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Publication numberUS20050160478 A1
Publication typeApplication
Application numberUS 10/792,146
Publication dateJul 21, 2005
Filing dateMar 2, 2004
Priority dateJan 16, 2004
Also published asCA2553102A1, CA2553102C, EP1706955A2, EP1706955A4, EP1706955B1, US7114181, WO2005072117A2, WO2005072117A3
Publication number10792146, 792146, US 2005/0160478 A1, US 2005/160478 A1, US 20050160478 A1, US 20050160478A1, US 2005160478 A1, US 2005160478A1, US-A1-20050160478, US-A1-2005160478, US2005/0160478A1, US2005/160478A1, US20050160478 A1, US20050160478A1, US2005160478 A1, US2005160478A1
InventorsAnantha Ramaiah, Randall Stewart, Peter Lei, Patrick Mahan
Original AssigneeAnantha Ramaiah, Randall Stewart, Peter Lei, Patrick Mahan
Export CitationBiBTeX, EndNote, RefMan
External Links: USPTO, USPTO Assignment, Espacenet
Preventing network data injection attacks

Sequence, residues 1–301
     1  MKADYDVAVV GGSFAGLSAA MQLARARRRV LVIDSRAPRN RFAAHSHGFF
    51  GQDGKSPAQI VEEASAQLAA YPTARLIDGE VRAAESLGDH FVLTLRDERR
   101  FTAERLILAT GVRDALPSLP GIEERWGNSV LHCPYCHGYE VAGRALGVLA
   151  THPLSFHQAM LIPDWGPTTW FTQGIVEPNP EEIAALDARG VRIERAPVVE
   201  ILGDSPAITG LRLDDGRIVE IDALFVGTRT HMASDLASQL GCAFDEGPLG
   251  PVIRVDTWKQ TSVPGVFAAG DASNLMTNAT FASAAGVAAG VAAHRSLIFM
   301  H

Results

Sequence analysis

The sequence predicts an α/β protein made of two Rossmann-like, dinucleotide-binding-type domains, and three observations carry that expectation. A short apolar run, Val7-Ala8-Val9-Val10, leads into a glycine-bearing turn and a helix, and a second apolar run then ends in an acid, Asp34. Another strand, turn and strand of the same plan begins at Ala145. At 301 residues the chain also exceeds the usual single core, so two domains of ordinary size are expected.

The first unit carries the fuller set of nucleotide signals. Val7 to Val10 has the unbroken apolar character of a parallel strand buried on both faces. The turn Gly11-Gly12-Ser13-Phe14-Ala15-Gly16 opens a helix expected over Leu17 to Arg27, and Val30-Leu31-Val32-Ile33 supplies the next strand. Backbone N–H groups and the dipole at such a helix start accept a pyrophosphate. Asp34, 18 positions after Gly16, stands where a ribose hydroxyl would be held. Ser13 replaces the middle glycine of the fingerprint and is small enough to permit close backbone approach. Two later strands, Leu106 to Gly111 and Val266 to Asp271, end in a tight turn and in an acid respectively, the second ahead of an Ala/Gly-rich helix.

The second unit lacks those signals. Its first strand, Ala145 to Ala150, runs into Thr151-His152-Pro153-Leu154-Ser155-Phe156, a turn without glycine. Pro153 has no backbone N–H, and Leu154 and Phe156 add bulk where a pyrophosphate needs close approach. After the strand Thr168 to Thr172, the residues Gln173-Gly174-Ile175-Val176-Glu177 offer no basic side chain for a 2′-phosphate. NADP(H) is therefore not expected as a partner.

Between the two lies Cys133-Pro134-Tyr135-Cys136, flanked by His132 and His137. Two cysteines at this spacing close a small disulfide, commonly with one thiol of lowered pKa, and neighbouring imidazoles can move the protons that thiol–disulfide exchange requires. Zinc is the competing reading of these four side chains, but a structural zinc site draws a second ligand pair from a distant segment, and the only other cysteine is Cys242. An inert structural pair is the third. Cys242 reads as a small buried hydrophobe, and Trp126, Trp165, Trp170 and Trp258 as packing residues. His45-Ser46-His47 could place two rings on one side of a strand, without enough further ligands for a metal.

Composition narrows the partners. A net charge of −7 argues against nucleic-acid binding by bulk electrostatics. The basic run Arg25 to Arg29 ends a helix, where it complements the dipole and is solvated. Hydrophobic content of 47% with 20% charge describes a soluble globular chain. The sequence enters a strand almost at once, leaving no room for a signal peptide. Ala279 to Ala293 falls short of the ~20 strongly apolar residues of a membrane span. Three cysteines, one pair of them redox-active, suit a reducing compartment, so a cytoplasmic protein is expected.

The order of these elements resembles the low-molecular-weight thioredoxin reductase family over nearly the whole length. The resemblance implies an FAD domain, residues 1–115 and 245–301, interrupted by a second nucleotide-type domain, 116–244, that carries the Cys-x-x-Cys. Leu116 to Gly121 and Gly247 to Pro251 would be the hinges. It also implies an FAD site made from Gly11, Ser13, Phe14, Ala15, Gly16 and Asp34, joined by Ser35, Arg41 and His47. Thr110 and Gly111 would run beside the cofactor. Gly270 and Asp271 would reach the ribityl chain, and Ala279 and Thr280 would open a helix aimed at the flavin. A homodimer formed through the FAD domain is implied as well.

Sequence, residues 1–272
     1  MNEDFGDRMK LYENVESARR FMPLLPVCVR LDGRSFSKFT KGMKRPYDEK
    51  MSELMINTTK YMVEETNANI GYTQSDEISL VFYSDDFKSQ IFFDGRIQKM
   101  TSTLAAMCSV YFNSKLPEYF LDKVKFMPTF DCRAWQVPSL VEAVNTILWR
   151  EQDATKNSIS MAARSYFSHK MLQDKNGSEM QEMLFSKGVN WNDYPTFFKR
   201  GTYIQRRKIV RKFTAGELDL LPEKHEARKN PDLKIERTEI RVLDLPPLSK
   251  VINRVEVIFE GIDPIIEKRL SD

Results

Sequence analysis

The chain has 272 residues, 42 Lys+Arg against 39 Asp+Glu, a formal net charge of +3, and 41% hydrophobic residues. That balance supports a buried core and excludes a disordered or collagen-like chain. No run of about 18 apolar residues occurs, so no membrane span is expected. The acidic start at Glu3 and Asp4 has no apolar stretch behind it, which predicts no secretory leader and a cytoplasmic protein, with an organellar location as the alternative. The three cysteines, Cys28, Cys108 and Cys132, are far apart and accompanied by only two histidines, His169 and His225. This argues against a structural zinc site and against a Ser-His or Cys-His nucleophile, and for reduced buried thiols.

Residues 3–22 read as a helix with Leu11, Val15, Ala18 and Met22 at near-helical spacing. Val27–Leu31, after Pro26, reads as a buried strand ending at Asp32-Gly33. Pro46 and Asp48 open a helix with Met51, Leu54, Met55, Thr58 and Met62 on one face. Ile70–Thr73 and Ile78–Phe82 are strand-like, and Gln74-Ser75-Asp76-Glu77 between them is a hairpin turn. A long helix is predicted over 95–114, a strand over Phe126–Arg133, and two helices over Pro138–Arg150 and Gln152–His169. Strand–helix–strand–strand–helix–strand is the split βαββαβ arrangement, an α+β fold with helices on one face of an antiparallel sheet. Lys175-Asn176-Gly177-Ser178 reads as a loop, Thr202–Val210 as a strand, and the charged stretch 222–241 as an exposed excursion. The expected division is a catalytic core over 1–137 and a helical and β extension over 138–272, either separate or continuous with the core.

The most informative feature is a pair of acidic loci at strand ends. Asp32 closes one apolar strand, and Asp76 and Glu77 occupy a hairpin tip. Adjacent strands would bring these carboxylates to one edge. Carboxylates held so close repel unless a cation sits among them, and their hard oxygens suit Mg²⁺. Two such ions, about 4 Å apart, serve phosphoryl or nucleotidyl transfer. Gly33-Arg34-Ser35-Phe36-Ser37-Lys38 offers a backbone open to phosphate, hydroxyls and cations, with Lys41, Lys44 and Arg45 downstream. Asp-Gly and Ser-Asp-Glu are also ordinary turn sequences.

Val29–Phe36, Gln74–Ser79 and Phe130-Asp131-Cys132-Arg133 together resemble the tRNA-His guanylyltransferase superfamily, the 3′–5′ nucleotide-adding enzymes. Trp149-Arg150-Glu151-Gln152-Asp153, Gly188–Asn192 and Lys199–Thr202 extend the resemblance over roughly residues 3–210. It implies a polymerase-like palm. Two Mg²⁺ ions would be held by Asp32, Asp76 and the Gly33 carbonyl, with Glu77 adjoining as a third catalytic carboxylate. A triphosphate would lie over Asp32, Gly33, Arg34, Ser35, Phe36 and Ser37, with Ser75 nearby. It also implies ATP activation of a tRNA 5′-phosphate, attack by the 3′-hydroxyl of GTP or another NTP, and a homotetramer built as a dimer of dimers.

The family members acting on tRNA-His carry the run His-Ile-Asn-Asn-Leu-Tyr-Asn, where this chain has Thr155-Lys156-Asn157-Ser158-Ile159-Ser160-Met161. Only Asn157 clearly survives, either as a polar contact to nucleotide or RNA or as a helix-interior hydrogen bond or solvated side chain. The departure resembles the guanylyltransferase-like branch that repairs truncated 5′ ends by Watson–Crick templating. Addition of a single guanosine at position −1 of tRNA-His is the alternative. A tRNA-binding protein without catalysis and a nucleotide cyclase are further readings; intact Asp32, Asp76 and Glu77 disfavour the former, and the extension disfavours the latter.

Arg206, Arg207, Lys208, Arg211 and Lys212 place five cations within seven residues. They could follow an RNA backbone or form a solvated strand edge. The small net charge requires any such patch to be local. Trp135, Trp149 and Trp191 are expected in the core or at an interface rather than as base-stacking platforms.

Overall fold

US 20050160478 A1
Abstract
Approaches for preventing TCP data injection attacks in packet-switched networks are disclosed. A first approach provides for dropping received segments that carry ACK values smaller than the next unacknowledged sequence number expected minus the maximum window size. This approach helps keep spurious injected segments out of the TCP re-assembly buffer. In a second approach, heuristics are used to examine the sequence number of a newly arrived segment, and when the sequence number is the next expected, then the newly arrived segment is used and the contents of the re-assembly buffer are not considered. Further, if the data payload of the newly arrived segment overlaps in sequential order with segments already in the re-assembly buffer, the overlapped segments in the re-assembly buffer are considered spurious and are discarded. Thus, this approach helps remove spurious data from the re-assembly buffer if the first approach somehow fails to prevent the data from entering the re-assembly buffer.
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Claims(17)